Well, the minister is corrupt, as we found out just days after this source spoke about it. He is no longer even a minister. We’ll cover this in the future. Spoiler alert: He quit over payment to a drug-trafficker a few weeks ago. “The Dutch Minister of Justice,” said to us one source, “the guy who said that the court ruling is not to be executed, resigned.” There is a lot of corruption here (more of it is being leaked to us every week). Responding to what he or she called “Techrights publications over Balkan standards,” this source wrote: “After having succeeded to “convince” the Croatian journalist to withdraw his article in December, the next step would be to try to get it off your web site as well. I am sure they at least thought about it. Possibly legal steps? In any such case, would it be possible to share the data you have, in order to make them available somewhere else?”

As always, since all the stories here are licensed very liberally, we encourage everyone to copy and spread them (in forums, other news sites, and so on). The more copies of the information in existence, the harder it will become to censor. Attribution helps but is not a priority. By all means, publishing Techrights articles in more places, e.g. anonymous blogs, would discourage these censorship attempts (intended to purge evidence of crime) and make veiled threats obsolete. In a way, the more this information spreads, the better the collective protection becomes.

We are going to write more on what happened in the Netherlands in the coming days. We will also comment on other corruption which emanates from the EPO affairs (extending well beyond Croatia).

03.25.15

The EPO’s Administrative Council is Under Increased Pressure to Rein in and to Finally Stop Benoît Battistelli

Posted in Europe, Patents at 3:24 am by Dr. Roy Schestowitz

Summary: The EPO’s Administrative Council (AC) is about to have a meeting, so the Member States’ delegations are urged to call for action

AS UNLIKELY as it is to ever happen, since the Administrative Council is pretty much in Battistelli’s pocket (loyal to Battistelli), Merpel wrote an open letter to the Administrative Council asking for actions to be taken only days ahead of a big meeting.

“The below email,” says a new source of ours, “was sent to the Delegations of the EPO’s Administrative Council”. It was sent in “preparation of the Administrative Council meeting on 25 and 26 March 2015″ (tomorrow and Friday).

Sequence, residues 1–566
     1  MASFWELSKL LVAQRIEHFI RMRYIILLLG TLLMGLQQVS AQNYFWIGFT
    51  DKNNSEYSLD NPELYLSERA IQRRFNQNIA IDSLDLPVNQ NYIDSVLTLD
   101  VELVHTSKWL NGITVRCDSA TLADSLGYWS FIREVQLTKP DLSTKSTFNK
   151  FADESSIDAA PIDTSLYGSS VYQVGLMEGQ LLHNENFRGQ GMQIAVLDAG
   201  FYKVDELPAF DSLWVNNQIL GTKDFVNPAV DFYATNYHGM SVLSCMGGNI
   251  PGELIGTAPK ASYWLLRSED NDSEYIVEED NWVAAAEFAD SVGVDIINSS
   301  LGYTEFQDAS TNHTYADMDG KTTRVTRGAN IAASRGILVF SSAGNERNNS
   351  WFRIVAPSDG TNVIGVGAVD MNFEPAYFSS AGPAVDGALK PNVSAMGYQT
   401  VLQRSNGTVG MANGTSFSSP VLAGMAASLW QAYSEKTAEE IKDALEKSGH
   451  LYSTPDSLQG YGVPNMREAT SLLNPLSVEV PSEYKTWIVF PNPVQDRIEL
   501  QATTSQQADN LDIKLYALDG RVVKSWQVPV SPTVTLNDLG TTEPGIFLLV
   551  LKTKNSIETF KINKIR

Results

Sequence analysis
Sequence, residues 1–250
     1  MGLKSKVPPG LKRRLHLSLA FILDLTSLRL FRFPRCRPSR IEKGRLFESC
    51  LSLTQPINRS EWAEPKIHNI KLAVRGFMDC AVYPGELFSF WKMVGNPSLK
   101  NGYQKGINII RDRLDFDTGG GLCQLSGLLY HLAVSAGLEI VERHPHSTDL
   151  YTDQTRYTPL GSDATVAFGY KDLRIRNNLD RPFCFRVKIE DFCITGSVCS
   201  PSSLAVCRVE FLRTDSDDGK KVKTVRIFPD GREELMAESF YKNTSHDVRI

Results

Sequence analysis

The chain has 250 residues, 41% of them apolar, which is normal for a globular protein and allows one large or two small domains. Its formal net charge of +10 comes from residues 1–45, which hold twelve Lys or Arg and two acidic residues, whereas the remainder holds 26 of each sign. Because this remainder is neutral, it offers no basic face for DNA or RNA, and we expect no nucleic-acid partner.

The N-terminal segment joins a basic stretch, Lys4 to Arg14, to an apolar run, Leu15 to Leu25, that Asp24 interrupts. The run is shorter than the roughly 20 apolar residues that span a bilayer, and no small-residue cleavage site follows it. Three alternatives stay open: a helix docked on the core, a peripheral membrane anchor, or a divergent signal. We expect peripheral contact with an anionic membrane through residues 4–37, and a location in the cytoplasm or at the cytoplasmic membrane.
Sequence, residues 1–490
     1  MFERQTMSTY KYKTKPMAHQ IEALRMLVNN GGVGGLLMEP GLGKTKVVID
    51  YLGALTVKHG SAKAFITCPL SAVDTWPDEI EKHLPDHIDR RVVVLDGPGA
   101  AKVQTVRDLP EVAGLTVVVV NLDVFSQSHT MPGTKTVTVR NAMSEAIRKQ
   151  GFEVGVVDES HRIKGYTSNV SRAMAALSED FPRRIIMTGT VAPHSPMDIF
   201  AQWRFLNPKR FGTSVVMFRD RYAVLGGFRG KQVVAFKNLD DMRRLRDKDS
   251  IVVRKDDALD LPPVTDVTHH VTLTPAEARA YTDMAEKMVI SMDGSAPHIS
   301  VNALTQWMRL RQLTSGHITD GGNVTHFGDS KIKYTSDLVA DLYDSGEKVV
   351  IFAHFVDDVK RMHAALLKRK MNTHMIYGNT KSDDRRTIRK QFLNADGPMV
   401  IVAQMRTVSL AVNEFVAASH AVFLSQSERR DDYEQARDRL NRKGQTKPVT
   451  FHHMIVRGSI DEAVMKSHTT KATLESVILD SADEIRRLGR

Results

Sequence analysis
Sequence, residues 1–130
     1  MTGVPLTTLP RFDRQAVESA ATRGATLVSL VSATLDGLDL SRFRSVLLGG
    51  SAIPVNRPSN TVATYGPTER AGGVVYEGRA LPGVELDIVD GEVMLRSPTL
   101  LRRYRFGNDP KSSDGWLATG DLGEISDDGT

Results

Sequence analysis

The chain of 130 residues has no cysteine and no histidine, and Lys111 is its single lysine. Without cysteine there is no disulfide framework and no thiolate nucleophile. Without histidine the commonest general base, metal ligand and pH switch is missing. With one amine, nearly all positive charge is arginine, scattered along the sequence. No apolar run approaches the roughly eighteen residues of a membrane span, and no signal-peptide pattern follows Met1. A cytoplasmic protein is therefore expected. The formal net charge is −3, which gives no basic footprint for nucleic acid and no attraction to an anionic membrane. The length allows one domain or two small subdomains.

This was sent to “heads and members of the Member States’ delegations to the Administrative Council of the European Patent Organisation [and] Mr Grandjean” (the Chairman).

Here is the letter [PDF]:

By email to Heads of Delegation

17 March 2015

Open letter

Questions to the Heads of Delegation of the Administrative Council of the EPO

Dear Heads of Delegation,

There has been some criticism of the Administrative Council on the internet recently, but one of the more constructive contributions we noticed were two questions posted on the IPKat blog, and directed to the UK delegation1. In quoting them here, we have generalised them:

1. What, for your country, are the big issues at the EPO that you see, especially in terms of the staff’s working conditions, as being a risk for the long-term future of the Office?

2. What aspects of the issues in your answer to the first question made it worth taking the risk of breaching international law (such as the European Convention on Human Rights) when you voted in the Council?

The commentator on IPKat stresses that he does not wish to be controversial. Rather, it would be his hope to have some openness on the Council delegations’ thinking, so people could understand better the steps they have taken. We agree that it would be helpful if you could take a public position on the above questions. You could, for example, contact IPKat, or simply have a meeting with your nationals among the staff at the EPO, and give your answers there.

Attached to this mail, you will find a document expressing some thoughts and ideas which you will perhaps find useful in your deliberations.

With our thanks in advance for the time you give to this letter and its attachment.

Yours sincerely

The EPO-Flier Team
a group of concerned staff of the EPO who wish to remain anonymous
due to the prevailing harsh social climate and absence of rule of law at the European Patent Office

____________________________________
1 http://ipkitten.blogspot.co.uk/2015/02/breaking-news-uk-government-issues.html
The original questions were posted on 26 February at 17:09 hrs

Along with the letter the following text [PDF] was sent, highlighting “[f]ive reasons why the EPO’s president is bad for the EPO”:

17 March 2015

EPO FLIER No. 16

The EPO-FLIER wants to provide staff with uncensored, independent information at times of social conflict.

Five reasons why the EPO’s president is bad for the EPO, and for Europe

Benoît Battistelli took office as President of the EPO on 1 July 2010 and is scheduled to leave on 30 June 2018. Based on his record to date, it seems likely that whenever he goes, his successor will have a mess to clean up. This article suggests five reasons for this.

Reason 1: A legacy of alleged human rights abuse that damages the reputation of all international organisations